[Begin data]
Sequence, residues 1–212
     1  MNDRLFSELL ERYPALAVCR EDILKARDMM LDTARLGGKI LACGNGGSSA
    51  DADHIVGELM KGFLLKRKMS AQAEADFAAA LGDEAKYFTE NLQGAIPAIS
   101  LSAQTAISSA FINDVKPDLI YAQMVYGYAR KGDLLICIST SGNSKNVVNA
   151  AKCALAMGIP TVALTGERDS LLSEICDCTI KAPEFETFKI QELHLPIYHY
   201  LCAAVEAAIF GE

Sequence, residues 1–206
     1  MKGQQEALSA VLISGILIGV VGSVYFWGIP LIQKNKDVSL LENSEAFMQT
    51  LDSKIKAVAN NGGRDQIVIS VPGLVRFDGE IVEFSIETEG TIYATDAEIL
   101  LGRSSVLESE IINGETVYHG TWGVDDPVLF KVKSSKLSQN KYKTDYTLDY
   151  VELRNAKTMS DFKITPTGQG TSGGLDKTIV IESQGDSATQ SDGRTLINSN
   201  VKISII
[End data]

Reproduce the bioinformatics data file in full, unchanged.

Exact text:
Sequence, residues 1–212
     1  MNDRLFSELL ERYPALAVCR EDILKARDMM LDTARLGGKI LACGNGGSSA
    51  DADHIVGELM KGFLLKRKMS AQAEADFAAA LGDEAKYFTE NLQGAIPAIS
   101  LSAQTAISSA FINDVKPDLI YAQMVYGYAR KGDLLICIST SGNSKNVVNA
   151  AKCALAMGIP TVALTGERDS LLSEICDCTI KAPEFETFKI QELHLPIYHY
   201  LCAAVEAAIF GE

Sequence, residues 1–206
     1  MKGQQEALSA VLISGILIGV VGSVYFWGIP LIQKNKDVSL LENSEAFMQT
    51  LDSKIKAVAN NGGRDQIVIS VPGLVRFDGE IVEFSIETEG TIYATDAEIL
   101  LGRSSVLESE IINGETVYHG TWGVDDPVLF KVKSSKLSQN KYKTDYTLDY
   151  VELRNAKTMS DFKITPTGQG TSGGLDKTIV IESQGDSATQ SDGRTLINSN
   201  VKISII